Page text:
When I was just starting out as a college professor almost 15 years ago, there was one piece of advice I received from almost every older colleague: “Publish or perish.”
So, with fear in each keystroke, I wrote. I was interested in researching the educational experiences of students of color, and there was a word I endlessly came across that consumed the field of education at the time and to this day—“gap.” Each research article I read told me that there was some type of disparity between Black and white students resulting in an achievement gap, learning gap, income gap, and funding gap.
I read research report after research report that never seemed to explain why white students were “outperforming” Black and brown students, but using the word “gap” somehow justified the separation. The word was ever-present yet nebulous.
Articles and reports filled with data forecast racial disparities in achievement because of a host of socioeconomic factors, language barriers, and public-health issues. One Education Week reporter wrote, “Many experts have since asserted that achievement gaps are the result of more subtle environmental factors and ‘opportunity gaps’ in the resources available to poor versus wealthy children.” Those “experts” rarely mention racial prejudice or discrimination.
Research reports on “gaps” typically fail to recognize racism, anti-Blackness, discrimination, or capitalism as an explanation for these differences. Eminent scholar H. Richard Milner writes that opportunity gaps “show inequities in systems, structures and practices, among other factors, that can prevent children from reaching their potential.” Explanations like Milner’s are needed and a breath of fresh air in such a polluted space of downplaying harm against Black and brown students.
And I would add that, at its core, the “opportunity gap” shows this nation’s racist practices of maintaining inequality through systematically denying opportunities to students of color (e.g., the end of affirmative action and denying Advanced Placement classes).
Similar to how they use “gap,” researchers also use the verbiage “cultural mismatch” to explain away why mostly white teachers lack the cultural knowledge of their students’ home, community, or language to relate to their students of color. These “cultural mismatches” often lead white teachers to have negative assumptions about their Black and brown students. The unchallenging and innocent language of a “cultural mismatch” reinforces the notion that white teachers and Black students’ relationships often exist without a power dynamic, implicit bias, racism, white privilege, and domination.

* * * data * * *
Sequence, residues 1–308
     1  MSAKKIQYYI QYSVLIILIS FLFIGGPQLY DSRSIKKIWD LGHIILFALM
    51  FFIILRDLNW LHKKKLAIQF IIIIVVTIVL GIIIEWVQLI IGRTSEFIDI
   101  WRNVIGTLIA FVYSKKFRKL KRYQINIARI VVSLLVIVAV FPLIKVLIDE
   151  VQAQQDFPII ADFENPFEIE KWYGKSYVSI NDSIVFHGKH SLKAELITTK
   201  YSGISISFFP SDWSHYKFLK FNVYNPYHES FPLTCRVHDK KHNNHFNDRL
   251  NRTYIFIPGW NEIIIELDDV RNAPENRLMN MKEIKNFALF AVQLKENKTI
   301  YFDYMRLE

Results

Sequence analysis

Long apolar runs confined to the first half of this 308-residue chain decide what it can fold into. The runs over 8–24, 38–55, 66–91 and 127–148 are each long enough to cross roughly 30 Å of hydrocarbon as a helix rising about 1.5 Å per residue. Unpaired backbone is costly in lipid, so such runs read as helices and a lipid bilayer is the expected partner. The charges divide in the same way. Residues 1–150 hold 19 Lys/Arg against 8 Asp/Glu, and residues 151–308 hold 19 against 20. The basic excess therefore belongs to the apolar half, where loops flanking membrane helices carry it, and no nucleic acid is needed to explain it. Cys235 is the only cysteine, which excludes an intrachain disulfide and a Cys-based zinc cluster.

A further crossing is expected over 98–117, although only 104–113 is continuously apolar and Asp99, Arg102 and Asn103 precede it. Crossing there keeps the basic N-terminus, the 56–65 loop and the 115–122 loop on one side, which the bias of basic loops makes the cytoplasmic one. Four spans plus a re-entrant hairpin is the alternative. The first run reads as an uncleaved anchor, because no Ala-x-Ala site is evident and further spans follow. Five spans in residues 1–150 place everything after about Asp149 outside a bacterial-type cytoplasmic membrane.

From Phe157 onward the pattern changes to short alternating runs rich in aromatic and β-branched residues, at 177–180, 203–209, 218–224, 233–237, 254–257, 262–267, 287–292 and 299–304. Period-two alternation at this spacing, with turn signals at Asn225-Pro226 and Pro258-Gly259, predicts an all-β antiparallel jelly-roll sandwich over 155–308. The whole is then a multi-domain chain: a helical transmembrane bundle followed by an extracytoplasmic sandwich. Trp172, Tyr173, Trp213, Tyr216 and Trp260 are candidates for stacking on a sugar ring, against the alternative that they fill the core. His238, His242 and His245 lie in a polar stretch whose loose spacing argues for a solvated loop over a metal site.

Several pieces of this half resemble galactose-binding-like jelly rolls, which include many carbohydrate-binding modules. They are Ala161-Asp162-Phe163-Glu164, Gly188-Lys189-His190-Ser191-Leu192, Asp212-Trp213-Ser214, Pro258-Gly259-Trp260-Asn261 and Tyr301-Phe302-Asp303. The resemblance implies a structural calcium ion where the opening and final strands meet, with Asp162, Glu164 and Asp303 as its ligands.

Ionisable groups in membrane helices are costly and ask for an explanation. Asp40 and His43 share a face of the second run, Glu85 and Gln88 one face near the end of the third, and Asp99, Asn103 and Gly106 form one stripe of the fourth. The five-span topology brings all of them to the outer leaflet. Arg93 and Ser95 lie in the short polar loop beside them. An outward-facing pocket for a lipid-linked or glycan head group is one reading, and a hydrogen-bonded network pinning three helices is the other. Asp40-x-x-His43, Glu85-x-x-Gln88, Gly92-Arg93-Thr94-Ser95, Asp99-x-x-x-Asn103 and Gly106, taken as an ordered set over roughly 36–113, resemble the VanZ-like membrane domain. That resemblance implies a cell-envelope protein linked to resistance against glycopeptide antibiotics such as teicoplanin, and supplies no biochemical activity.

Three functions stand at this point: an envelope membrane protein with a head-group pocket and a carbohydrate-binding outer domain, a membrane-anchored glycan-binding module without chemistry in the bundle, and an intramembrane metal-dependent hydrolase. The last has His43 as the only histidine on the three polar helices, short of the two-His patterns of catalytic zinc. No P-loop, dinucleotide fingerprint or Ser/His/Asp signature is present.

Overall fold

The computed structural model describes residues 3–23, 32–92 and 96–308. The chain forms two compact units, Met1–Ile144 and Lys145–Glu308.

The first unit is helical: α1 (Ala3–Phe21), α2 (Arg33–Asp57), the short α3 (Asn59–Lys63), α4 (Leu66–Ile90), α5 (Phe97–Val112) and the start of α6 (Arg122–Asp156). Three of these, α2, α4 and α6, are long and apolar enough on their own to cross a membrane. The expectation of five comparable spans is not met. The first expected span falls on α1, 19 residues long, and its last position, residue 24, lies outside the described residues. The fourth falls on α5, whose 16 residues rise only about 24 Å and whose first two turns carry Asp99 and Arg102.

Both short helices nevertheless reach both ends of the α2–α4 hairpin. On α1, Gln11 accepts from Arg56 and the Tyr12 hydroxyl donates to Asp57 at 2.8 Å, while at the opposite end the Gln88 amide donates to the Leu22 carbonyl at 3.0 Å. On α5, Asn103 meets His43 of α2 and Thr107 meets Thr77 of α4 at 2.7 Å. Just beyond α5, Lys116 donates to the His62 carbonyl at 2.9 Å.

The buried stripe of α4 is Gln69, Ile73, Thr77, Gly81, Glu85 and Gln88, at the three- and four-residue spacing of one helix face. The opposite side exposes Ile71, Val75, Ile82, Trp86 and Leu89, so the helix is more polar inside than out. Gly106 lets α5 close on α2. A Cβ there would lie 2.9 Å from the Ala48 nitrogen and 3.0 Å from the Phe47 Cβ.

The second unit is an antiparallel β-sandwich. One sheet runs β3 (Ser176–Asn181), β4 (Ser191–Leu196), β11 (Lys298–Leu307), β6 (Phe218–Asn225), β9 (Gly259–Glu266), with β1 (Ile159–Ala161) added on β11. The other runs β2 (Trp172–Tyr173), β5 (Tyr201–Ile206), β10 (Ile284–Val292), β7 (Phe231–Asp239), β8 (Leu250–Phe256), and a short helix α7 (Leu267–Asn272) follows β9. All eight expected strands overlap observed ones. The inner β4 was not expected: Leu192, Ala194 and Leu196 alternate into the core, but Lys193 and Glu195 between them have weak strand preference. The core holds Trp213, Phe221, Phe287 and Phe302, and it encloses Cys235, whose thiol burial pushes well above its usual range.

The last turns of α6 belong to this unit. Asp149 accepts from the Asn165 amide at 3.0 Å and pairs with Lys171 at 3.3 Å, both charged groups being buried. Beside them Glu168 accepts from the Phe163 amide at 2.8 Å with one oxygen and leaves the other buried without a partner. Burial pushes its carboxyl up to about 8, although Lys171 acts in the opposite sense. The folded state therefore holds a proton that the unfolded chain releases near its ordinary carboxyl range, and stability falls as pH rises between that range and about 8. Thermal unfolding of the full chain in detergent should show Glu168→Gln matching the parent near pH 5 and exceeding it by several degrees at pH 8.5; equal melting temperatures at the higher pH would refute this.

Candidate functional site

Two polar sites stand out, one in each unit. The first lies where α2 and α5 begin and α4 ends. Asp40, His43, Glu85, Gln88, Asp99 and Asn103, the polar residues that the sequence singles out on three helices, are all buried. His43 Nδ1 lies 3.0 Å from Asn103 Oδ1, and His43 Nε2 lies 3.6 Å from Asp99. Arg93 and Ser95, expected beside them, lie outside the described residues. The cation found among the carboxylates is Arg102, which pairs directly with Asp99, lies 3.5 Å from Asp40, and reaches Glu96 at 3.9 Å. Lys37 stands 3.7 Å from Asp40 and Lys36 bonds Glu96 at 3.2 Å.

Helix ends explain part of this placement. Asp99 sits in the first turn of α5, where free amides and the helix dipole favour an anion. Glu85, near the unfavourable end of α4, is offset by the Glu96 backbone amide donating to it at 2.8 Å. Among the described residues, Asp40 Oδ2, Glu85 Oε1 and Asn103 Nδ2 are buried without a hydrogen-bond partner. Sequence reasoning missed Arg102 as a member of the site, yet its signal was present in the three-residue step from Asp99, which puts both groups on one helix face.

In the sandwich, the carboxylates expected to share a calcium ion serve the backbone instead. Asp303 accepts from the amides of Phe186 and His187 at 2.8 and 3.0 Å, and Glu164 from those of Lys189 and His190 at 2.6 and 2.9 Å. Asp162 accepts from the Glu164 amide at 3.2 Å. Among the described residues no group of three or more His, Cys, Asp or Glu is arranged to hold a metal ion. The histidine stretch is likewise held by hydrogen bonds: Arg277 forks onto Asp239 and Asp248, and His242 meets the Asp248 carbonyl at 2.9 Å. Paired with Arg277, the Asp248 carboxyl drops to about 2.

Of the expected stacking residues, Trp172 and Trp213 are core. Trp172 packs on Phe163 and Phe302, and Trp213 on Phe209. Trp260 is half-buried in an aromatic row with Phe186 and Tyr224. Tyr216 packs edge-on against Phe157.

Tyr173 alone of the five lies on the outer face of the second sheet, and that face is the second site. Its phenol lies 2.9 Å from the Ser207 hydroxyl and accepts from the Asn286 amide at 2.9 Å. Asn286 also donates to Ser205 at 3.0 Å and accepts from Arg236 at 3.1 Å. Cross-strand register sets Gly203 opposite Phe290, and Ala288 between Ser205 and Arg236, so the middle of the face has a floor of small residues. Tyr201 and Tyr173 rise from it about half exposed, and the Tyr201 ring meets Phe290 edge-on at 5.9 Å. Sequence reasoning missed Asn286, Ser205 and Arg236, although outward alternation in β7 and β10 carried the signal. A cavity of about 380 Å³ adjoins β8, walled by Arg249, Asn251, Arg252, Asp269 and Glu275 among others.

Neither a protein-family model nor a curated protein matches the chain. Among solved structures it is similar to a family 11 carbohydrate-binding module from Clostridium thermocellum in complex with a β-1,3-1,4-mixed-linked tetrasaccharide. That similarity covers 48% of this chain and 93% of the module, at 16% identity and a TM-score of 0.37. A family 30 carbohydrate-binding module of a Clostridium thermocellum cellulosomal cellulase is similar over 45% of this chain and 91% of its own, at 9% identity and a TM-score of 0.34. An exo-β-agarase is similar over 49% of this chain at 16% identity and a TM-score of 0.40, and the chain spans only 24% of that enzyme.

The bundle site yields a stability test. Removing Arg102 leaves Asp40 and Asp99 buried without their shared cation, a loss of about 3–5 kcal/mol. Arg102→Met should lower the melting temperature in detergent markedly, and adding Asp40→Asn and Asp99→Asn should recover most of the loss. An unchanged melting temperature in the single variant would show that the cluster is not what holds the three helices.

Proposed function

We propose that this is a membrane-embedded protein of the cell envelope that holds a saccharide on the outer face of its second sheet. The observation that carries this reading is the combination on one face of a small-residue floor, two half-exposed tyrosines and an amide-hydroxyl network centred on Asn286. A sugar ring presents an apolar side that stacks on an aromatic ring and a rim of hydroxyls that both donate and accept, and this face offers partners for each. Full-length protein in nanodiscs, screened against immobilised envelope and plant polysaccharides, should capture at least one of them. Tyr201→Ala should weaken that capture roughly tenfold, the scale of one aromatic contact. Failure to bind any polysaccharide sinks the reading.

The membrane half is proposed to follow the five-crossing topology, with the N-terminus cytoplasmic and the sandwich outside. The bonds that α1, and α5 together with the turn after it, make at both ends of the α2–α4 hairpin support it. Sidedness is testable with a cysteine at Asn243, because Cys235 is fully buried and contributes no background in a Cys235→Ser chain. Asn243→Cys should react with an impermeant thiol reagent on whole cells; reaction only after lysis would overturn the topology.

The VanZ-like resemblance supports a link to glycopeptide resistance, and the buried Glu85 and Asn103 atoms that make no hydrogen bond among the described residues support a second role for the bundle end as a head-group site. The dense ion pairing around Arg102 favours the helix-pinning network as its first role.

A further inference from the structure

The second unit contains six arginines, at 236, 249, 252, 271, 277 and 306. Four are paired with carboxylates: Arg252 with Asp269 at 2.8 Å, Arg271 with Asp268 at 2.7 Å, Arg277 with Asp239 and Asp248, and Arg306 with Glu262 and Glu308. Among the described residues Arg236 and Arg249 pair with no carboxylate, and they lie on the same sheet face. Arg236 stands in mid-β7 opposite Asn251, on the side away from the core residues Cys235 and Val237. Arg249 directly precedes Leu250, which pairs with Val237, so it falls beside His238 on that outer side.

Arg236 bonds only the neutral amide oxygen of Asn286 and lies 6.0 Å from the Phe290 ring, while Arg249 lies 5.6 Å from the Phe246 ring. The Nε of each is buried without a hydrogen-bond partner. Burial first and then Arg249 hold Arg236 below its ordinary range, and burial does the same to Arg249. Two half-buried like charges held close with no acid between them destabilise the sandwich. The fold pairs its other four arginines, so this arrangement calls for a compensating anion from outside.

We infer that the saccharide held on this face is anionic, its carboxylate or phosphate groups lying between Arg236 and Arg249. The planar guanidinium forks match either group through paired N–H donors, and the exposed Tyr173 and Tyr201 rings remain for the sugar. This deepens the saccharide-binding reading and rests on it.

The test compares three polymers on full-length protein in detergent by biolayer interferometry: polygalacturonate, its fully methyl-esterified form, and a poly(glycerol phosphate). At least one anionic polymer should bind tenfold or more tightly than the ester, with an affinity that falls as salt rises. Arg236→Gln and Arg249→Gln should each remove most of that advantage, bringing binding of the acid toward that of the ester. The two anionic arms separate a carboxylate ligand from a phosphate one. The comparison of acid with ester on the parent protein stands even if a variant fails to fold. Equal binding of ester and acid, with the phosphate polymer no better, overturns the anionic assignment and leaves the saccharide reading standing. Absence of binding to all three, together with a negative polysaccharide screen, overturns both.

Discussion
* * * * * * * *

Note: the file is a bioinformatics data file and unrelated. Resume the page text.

When I started writing for publication lest I perish, I followed right along placing that blame for the failures of our education system on the faceless, unindictable but infamous arbitrator of educational injustice: the “gap.”
However, over the years, I have learned that the word obscures the harm of racism and anti-Blackness, which are the root causes of the so-called “gap.” To use “gap” implies that white students “outperforming” Black students on standardized tests just somehow happened or is the failure of Black children and their families themselves. Invoking the word “gap” when discussing racial inequality in our education system makes racism illegible. Calling this nation’s failure to adequately and equitably fund Black students’ education a “funding gap” removes the intent of white supremacy to remain in power by underfunding students of color.
The word “gap” also fails to acknowledge the power dynamic that is maintained by withholding and hoarding resources from Black and brown students. It would be easy to think, then, that “gaps” could be closed without any fundamental redistribution of power and resources. But working on eliminating these differences without an anti-racist aim perpetuates racism by pretending it doesn’t exist.
Language is one of our most powerful tools in fighting injustice. If our language does not describe the actual harm and root causes of racial disparities, then we will never address the issues to advance racial justice in education.
Students of color are not experiencing a “gap”; they are experiencing harm, racism, and anti-Blackness.